Westshore Centre for Learning student Josh Hill (right) and a member of the Western Garden Club help themselves to a lunch of pumpkin and apple soup, mixed greens, croutons and pumpkin pie at the school’s campus in Colwood Thursday. The students grew and harvested everything in the meal in the community garden. (Kendra Wong/News Gazette staff)

School garden teaching students value of outdoor activity

Students, local club enjoyed fruits of labour during special lunch

The smell of fresh pumpkin and apple soup wafted through the halls of the Westshore Centre for Learning’s Colwood campus on a cold afternoon last week.

Students, faculty and members of the Western Garden Club sat down to enjoy a lunch of soup, mixed greens with shredded carrots, croutons, pumpkin pie and tea. But it wasn’t any ordinary lunch – all the ingredients were picked from the school’s community garden, which the students helped grow and prepare in the kitchen.

As part of the school’s sustainable resources class, which runs from February to June and gives students a Grade 11 science credit, students learn how to plant and nurture seedlings, transplant, weed out and harvest in the roughly, 4,000-square foot garden on Sooke Road. Students had their own grow boxes and planted a variety of tomatoes, lettuces, cabbages, raspberries, carrots, beets, herbs, apples, squash and onions.

While other schools have gardens, Jennifer Freeman of Zero Mile Solutions who helps support the development of the garden, said this one is unique in that gardening is integrated into the curriculum.

“A lot of gardens at high schools are an add or it’s maybe a demonstration garden. But this is really from beginning to end part of the kids’ class curriculum. It’s a really great, unique resource,” she said.

“A lot of people today don’t have to grow a garden anymore, so they’re not getting that really valuable hands-on experience that’s really healing and very helpful. They’re [students] experiencing that. It’s a different form of outdoor activity, like what sports can give to people or going out for a walk.”

The garden has been happening in various capacities on the property for the last 12 years, however, this year the school was able to add a greenhouse, thanks to funding from the Horner Foundation, that supports not-for-profit organizations to foster positive youth development.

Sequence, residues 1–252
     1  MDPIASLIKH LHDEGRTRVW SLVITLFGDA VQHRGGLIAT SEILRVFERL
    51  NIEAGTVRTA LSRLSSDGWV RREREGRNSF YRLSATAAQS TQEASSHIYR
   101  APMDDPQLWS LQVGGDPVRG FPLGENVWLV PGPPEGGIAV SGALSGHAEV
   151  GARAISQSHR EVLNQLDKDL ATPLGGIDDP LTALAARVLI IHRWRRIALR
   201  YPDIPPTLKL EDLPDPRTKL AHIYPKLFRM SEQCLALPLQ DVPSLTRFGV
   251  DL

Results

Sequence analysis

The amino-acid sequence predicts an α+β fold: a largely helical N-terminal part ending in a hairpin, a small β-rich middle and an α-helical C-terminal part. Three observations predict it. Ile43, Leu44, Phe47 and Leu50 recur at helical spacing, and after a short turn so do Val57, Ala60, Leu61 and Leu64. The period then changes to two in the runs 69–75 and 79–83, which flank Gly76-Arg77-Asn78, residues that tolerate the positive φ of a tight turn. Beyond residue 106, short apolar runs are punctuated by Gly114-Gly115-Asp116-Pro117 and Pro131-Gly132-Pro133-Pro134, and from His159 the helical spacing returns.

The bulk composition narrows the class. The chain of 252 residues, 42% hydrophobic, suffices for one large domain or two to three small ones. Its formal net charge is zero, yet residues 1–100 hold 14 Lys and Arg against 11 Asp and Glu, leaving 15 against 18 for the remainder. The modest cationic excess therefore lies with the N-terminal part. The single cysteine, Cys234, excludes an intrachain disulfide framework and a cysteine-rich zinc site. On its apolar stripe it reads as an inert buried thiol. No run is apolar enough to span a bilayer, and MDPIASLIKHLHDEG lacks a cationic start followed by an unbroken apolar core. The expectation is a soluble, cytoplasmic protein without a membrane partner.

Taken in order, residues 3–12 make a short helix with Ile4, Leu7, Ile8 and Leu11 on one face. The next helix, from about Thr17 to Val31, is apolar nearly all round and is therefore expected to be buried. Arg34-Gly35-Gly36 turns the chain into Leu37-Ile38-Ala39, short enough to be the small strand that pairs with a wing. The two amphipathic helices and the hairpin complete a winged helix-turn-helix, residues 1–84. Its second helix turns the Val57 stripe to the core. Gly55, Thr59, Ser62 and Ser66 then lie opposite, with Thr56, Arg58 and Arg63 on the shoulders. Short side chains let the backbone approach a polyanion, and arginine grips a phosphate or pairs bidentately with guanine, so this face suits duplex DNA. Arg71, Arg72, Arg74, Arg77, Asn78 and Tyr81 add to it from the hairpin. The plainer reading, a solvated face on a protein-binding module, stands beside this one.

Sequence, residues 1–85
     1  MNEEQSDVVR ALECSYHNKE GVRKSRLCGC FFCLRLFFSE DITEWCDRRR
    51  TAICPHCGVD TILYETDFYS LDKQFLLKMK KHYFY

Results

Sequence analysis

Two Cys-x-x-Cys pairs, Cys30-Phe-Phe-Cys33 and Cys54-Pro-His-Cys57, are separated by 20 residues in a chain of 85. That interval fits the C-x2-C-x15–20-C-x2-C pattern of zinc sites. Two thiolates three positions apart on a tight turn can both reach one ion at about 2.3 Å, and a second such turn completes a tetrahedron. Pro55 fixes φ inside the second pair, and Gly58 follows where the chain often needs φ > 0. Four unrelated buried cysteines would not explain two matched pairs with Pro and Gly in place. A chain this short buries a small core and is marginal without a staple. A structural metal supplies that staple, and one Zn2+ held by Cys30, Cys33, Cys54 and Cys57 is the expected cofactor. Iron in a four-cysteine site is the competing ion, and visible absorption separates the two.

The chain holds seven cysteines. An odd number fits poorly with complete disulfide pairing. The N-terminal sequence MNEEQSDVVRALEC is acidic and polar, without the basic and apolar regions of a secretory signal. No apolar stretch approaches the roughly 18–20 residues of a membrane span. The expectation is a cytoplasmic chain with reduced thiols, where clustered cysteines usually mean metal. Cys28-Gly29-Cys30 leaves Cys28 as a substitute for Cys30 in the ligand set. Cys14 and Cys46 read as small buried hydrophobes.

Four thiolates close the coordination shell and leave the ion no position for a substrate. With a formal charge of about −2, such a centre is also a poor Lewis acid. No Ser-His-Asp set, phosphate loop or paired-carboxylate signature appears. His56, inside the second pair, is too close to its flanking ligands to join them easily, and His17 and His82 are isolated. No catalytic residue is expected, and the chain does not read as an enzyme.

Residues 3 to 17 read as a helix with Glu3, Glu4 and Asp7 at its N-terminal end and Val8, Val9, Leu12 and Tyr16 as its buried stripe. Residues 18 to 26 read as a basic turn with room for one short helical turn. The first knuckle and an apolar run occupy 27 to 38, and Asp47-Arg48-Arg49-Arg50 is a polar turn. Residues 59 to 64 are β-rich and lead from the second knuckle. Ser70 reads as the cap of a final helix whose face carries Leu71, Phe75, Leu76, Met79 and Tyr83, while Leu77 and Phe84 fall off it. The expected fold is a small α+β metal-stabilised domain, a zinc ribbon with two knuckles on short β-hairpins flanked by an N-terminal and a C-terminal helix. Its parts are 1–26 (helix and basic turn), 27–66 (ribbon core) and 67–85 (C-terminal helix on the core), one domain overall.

Freeman has received lots of positive feedback from students who say being in the garden has made them more self-aware. They realize they’re playing too many video games or instead of going to the smoke pit during break, will go and tend to their garden.

Grade 11 student Josh Hill enjoyed learning about the environment and the world and community around him, and now has plans to pursue a career as a horticulturalist.

“I really liked the class, it’s really fun to learn how to grow plants and food that you can eat,” he said, adding he grew tomatoes, lettuce, broccoli and flowers. “You have so much fun and time just flies.”


Like us on Facebook and follow us on Twitter

kendra.wong@goldstreamgazette.com

Just Posted

City of Colwood considers plastic bag ban

Bylaw must be brought forward for public input before adoption

West Shore RCMP catch thieves in the act in Colwood

Thieves were trying to steal a utility trailer from the driveway of a home

Premier asks for re-do on Highway 14 study

A study on Highway 14 improvement has been delayed for a second… Continue reading

Recent calls prompt warning from Langford Fire Rescue

Heating sources are one of the leading causes of house fires

Development a risk to Garry oak woodlands: neighbour

Foul Bay Road development heads to public hearing

VIDEO: Innovating healthier homes

NZ Builders bring commercial concept into residential realm to improve energy efficiency and health

Recent immigrants make up almost half of impoverished B.C. children

A report issued Tuesday indicates immigrants children make up a large percentage of B.C.’s impoverished

LGBTQ advocates want military, RCMP to take part in apology

“These are all the organizations that perpetrated past discrimination against the LGBTQ community.”

Canadians are getting bad advice from the taxman

An auditor has found that Canadians are getting bad advice from the taxman, when they can get through

B.C. mining company stakes claim in Australia

Copper Mountain is set to purchase Cloncurry Copper Project in a $93-million deal.

Developers to put 25,000 cubic metres of Esquimalt fill into Cordova Bay site

Cordova Bay’s Trio site development still awaiting redesign

Wet weather expected for much of coastal B.C.

The Weather Network is calling for up to 200mm of rain to fall in some areas of the South Coast and Vancouver Island

B.C. reporter reflects on covering Charles Manson

Charles Manson, leader of a murderous cult, died on Sunday at 83

Running back propels Spectrum Thunder into first Subway Bowl final

Brandon Robbins scores hat trick of touchdowns

Most Read